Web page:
Snow days are a result of snow causing public safety issues such as power outages and overly slick/impassable roadways, as well as other hazards. They are usually called during the early morning hours, and involve careful probing of the weather reports and the forecast: the chance of ice accumulation, windchill, inches of snow and other such factors.
On January 12, 2016, Gull Lake Community Schools had a snow day, likely due to the blizzard-like conditions during the early morning hours as well as ice accumulation. But what if that wasn’t it? Does Gull Lake conduct its testing criteria on whether to cancel school, or do the school administrators simply look to schools around the area that are either open/closed to make the decision? Does Gull Lake have snow day criteria?
Superintendent Chris Rundle said that the primary factors that he bases on whether to cancel school or not are (in order of highest priority to lowest) ice accumulation, visibility, snow and then windchill. If the weather reports show that a storm is likely, his team of transportation directors and maintenance workers are out on the road at 3:30 a.m. They check the conditions while he gets up at 4:45 a.m. to network with school districts and keep in contact with his transportation and maintenance team as well as other school districts.
“They’re outside on the roads, coming to work, they’re checking main roads, back roads, and they’re in contact with their phones with other school districts around. Similar people like the transportation directors and our maintenance folks are actually on the roads, seeing what it’s like,” Rundle said. “The problem with Gull Lake is that we’re usually first, and I have to make the decision–whether there is school, or isn’t school, by 5:30 in the morning because our buses start shortly after that. And so, once we start, we’re kind of committed.”
At around 5:10 or 5:15 a.m., Rundle makes the decision to have or not to have a snow day. This decision is heavy handed, because once it has been decided, it cannot be retroactively changed as the buses start their route shortly after.
The number of snow days that Gull Lake can use without penalty are six. Though that number can be stretched to eight due to Gull Lake maximizing their actual school days to 180. Rundle also stated that the number one priority for students and staff is safety.
“The number one thing for me is safety of you guys [students], and our bus drivers and people coming to work. I’m an old state trooper, and so I’ve seen bad accidents–I’ve worked in them, I know what the roads can be like,” Rundle said.
That being said, Rundle said he has also made mistakes when calling snow days, whether it be on a day where there should or shouldn’t have had one.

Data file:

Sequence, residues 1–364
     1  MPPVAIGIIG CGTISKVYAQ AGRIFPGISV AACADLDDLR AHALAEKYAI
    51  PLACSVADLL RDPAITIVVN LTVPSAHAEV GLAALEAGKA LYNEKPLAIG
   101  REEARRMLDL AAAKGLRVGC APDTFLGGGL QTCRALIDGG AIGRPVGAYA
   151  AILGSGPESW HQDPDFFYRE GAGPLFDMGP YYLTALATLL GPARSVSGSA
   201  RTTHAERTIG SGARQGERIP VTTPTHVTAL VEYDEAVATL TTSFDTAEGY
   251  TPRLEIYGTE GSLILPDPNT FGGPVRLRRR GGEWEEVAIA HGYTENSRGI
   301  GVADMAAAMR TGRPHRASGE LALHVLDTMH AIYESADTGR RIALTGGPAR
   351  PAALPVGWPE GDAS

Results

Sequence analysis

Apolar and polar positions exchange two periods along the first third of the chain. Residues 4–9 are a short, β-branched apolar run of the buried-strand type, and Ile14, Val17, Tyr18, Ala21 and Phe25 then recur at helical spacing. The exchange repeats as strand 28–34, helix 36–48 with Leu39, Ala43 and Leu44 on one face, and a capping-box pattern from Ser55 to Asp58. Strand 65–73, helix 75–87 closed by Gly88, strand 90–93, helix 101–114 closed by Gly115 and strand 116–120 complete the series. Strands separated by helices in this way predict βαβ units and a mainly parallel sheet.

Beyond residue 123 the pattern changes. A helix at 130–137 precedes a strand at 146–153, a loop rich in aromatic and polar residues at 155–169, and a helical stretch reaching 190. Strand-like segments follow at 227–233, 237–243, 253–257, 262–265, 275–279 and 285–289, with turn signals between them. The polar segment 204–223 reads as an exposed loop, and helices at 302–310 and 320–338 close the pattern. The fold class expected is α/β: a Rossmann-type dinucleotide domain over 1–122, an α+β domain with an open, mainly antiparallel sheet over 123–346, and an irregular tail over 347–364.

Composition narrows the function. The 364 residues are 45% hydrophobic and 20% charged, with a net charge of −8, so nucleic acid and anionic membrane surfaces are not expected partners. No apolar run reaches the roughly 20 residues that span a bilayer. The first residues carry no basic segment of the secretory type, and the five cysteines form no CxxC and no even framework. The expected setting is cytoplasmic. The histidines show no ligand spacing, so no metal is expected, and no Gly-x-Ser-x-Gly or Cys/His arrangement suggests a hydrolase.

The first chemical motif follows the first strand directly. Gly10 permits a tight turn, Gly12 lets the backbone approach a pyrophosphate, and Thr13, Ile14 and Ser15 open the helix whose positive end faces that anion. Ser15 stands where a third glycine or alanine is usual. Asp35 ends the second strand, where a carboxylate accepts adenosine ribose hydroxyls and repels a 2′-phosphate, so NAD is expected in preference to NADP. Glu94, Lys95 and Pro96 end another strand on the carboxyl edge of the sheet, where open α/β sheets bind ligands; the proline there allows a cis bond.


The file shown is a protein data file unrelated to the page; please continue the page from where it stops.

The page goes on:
“Yes, yes on all accounts. I’ve made mistakes because we have to go so early. I remember one in particular, and it was here at 5:30 in the morning, and it was just fine.” Rundle said that on one particular day that by the time it came for students get to school “it was horribly foggy. I mean, you couldn’t see a thing,” he said. “At 5:30 it was totally clear. But there was nothing I could do about it. We had to. It was too late.”
He stated that although we only have six snow days budgeted in, and if we go over, we do have to make them up. The best way to do that in his words is to add them on at the end of the year.
“But we have to deal with what comes, and as I say, the number one thing–I mean, I hope I get it right–is the safety. In that year, I’m not going to worry if we end up with 15 days. I would just say ‘oh well, that’s what we were dealt.’ It was better to be safe than to have somebody hurt. I have 100 percent control of that–we’ve had accidents, and you don’t like to see that. So we’ll do everything we can to prevent that,” Rundle said.
Gull Lake is the second largest district in this part of the state, spanning about 150 square miles with buses running in all areas. Some roads are curvy, bumpy, even unpaved. Rundle said he also considers this when calling a snow day.
“The number one danger for me is ice, and so it could be a day like today (where it’s fine), and if it had just rained, and was cold and really icy, we might not have school–on a day like today. Because we’ve got 150 square miles of roads. Our neighboring district has 10 square miles–and they’re all city streets. Here, we’re going up, down, around curves, dirt roads. I think we’re the second biggest district in this part of the state, square mile wise,” Rundle said.